Altered ecosystem carbon and nitrogen cycles by plant invasion: a meta-analysis
Article first published online: 27 NOV 2007
© The Authors (2007).
Volume 177, Issue 3, pages 706–714, February 2008
How to Cite
Liao, C., Peng, R., Luo, Y., Zhou, X., Wu, X., Fang, C., Chen, J. and Li, B. (2008), Altered ecosystem carbon and nitrogen cycles by plant invasion: a meta-analysis. New Phytologist, 177: 706–714. doi: 10.1111/j.1469-8137.2007.02290.x
- Issue published online: 27 NOV 2007
- Article first published online: 27 NOV 2007
- Received: 16 July 2007Accepted: 12 September 2007
- carbon and nitrogen pools and fluxes;
- litter quality;
- plant invasion;
- soil nitrogen availability
- • Plant invasion potentially alters ecosystem carbon (C) and nitrogen (N) cycles. However, the overall direction and magnitude of such alterations are poorly quantified.
- • Here, 94 experimental studies were synthesized, using a meta-analysis approach, to quantify the changes of 20 variables associated with C and N cycles, including their pools, fluxes, and other related parameters in response to plant invasion.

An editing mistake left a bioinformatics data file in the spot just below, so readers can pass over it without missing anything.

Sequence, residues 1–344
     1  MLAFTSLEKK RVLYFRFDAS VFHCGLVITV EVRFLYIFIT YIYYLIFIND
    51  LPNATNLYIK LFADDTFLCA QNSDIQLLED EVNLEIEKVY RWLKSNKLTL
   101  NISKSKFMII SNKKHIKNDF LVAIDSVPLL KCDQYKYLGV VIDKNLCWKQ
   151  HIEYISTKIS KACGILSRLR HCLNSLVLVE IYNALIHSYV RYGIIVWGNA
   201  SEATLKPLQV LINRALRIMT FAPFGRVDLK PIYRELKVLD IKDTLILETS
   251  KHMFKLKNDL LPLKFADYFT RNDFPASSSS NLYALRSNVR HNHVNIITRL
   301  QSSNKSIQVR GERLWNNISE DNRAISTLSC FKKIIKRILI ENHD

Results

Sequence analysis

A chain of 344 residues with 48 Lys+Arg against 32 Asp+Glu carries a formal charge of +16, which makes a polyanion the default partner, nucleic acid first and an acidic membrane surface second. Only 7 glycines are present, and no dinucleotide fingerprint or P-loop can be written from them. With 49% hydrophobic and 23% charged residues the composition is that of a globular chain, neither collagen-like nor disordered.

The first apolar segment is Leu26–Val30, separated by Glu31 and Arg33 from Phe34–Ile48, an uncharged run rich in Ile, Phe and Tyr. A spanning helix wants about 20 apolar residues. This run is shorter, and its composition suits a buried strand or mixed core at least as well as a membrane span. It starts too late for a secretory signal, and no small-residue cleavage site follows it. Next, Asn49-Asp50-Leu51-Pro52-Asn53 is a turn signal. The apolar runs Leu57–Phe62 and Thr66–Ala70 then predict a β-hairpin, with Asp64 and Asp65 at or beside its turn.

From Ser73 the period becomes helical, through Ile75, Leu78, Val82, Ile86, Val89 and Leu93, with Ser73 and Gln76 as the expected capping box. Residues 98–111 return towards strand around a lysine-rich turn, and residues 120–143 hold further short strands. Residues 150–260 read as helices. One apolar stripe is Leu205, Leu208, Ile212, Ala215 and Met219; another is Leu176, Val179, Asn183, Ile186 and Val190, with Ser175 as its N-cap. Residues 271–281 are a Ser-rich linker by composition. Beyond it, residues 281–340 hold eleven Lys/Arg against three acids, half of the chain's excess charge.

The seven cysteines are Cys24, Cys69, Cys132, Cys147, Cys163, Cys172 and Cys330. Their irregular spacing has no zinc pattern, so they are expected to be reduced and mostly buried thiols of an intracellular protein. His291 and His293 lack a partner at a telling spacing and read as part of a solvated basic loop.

- • Pool variables showed significant changes in invaded ecosystems relative to native ecosystems, ranging from a 5% increase in root carbon stock to a 133% increase in shoot C stock. Flux variables, such as above-ground net primary production and litter decomposition, increased by 50–120% in invaded ecosystems, compared with native ones. Plant N concentration, soil and concentrations were 40, 30 and 17% higher in invaded than in native ecosystems, respectively. Increases in plant production and soil N availability indicate that there was positive feedback between plant invasion and C and N cycles in invaded ecosystems.
- • Invasions by woody and N-fixing plants tended to have greater impacts on C and N cycles than those by herbaceous and nonN-fixing plants, respectively. The responses to plant invasion are not different among forests, grasslands, and wetlands. All of these changes suggest that plant invasion profoundly influences ecosystem processes.